Having a strong social media following is imperative to building an audience and eventually monetizing your travel blog. Many of the ads, sponsored trips, and even the freelance writing gigs I land are contingent on my ability to use social media to get the message across. Be aware that this can be an enjoyable – but slightly relentless – task, requiring you to post and interact with readers daily.

Personally, I work Facebook, Twitter, G+, and a wee bit on Instagram. Pinterest also seems to be hot these days.

Expect to assume this position often if you want to take travel blogging seriously

 

Consider Sponsorships

Once you’ve got an established blog, audience, and social media following, sponsorship opportunities will open up. These vary greatly depending on your travel blog’s niche and audience. I’ve gotten anything from free/discounted accommodation, to rail passes, to fully-paid trips.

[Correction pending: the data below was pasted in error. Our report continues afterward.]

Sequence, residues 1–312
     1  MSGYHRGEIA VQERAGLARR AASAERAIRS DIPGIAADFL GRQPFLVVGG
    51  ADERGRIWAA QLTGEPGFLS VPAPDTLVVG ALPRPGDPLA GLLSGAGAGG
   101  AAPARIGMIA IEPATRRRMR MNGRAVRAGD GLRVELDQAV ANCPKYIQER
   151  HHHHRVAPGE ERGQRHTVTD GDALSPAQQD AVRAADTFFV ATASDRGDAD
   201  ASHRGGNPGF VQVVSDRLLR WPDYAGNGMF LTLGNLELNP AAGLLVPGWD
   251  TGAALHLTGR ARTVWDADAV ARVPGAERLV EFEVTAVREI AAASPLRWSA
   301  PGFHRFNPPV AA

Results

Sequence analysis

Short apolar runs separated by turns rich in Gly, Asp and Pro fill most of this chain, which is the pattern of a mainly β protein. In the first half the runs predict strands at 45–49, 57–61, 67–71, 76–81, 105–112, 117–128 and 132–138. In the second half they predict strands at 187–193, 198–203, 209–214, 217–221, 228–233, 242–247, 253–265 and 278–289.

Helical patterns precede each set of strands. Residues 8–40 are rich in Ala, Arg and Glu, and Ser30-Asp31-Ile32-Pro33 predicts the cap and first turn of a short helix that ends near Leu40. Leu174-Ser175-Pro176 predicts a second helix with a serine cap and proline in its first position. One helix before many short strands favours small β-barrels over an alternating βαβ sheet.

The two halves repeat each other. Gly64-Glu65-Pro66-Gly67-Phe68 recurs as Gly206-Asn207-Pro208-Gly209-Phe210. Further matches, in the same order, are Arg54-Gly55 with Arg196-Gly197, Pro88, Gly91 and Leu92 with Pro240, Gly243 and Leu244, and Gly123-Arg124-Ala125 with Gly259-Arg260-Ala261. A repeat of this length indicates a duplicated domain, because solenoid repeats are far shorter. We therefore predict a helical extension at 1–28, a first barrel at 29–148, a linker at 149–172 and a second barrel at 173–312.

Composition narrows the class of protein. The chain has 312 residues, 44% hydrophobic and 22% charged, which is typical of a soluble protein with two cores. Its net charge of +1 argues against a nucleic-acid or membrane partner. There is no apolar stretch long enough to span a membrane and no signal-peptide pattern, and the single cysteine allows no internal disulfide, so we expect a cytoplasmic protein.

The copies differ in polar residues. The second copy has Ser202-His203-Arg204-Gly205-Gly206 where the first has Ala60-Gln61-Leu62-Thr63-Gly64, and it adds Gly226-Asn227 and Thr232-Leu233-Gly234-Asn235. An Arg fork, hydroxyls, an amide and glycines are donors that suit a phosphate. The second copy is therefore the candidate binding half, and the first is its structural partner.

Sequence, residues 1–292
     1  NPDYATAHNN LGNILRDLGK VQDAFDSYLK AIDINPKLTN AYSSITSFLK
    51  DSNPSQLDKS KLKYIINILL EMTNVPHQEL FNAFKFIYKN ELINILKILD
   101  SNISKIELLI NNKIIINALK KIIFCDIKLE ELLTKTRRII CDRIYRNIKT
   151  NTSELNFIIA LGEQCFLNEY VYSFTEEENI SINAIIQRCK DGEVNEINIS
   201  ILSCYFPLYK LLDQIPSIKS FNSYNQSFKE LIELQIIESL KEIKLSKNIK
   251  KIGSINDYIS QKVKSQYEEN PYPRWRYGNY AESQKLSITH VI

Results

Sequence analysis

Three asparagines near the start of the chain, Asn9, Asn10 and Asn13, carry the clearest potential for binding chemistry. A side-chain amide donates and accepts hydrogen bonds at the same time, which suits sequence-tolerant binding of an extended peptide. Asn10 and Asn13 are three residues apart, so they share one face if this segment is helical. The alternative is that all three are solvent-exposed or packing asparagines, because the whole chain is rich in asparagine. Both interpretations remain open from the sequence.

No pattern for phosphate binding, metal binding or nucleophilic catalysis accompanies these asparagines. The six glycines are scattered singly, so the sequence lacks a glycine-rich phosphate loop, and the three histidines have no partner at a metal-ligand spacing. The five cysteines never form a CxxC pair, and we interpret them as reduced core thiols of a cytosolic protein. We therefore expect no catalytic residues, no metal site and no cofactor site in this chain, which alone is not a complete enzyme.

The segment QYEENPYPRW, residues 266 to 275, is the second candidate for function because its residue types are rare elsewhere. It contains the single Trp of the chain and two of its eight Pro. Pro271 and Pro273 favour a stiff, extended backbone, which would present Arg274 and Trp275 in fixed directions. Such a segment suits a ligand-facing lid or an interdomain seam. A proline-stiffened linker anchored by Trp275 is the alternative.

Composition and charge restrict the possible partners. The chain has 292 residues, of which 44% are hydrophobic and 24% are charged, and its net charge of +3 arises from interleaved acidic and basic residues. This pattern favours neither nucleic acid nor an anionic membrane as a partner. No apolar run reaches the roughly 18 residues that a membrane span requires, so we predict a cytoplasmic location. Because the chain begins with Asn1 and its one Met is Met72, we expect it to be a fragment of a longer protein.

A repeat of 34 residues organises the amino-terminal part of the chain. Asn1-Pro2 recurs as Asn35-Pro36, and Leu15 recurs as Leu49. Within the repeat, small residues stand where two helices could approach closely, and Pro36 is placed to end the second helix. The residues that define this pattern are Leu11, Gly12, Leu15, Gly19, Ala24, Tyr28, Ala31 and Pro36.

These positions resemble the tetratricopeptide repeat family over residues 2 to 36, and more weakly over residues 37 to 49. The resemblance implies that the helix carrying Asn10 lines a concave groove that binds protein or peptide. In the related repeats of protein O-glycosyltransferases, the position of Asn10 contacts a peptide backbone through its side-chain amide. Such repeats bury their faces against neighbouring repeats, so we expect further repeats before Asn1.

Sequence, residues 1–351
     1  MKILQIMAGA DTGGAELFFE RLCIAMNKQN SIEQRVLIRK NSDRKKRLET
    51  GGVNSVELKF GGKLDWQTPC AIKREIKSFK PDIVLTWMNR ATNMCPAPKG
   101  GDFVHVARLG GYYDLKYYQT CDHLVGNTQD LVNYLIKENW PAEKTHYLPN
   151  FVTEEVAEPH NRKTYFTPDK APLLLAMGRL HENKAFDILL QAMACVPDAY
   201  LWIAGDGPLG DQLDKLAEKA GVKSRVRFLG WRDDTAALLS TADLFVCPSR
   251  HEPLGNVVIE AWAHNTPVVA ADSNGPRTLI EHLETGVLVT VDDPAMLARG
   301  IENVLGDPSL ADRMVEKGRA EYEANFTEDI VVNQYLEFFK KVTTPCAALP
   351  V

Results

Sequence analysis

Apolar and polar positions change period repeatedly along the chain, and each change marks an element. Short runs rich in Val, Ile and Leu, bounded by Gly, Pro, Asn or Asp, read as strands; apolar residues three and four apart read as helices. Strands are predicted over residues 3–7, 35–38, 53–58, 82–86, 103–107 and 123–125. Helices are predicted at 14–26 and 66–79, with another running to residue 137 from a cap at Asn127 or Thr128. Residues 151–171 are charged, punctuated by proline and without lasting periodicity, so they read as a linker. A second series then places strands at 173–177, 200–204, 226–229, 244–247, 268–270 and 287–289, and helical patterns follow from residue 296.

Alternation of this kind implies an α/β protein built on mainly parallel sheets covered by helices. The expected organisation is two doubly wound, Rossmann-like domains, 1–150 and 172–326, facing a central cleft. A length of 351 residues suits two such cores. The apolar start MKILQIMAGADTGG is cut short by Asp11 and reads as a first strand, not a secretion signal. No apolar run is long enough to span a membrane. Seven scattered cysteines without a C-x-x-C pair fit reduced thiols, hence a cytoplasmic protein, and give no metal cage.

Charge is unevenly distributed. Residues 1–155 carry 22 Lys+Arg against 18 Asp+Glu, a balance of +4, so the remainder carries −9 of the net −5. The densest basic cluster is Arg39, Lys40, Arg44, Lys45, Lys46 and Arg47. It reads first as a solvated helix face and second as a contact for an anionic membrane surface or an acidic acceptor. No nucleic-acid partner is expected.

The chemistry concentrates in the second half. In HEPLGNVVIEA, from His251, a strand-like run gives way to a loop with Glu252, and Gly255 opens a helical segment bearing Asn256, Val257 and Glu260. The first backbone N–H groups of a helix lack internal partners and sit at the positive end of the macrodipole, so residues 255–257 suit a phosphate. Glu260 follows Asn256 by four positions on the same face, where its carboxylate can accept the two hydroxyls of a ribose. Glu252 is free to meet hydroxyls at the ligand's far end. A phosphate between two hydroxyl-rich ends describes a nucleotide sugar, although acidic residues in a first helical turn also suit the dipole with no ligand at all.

For more information, see: Financial Travel Tip #52: Getting Sponsorships

Also, if your primary motivation is to receive free accommodation by virtue of having a travel blog, check out the book Next Stop Who Knows: How to Save Money With Complimentary Stays. You can find a review of the book here.

 

Select Advertising Carefully

Once your travel blog gains momentum and popularity, you’ll likely be contacted by all manner of advertisers looking for text links, guest posting opportunities on your site, and sidebar/banner ads. Some of them will be relevant to your audience and niche, and many won’t. Some will pay well, and many won’t. Some pay flat fees, and others work on an affiliate or CPM basis.

Make sure that any advertising options you choose will ultimately serve your audience. If your travel blog is littered with irrelevant and distracting text links, badly written guest content, and if your sidebars are crammed with distracting ads, you’ll lose readers.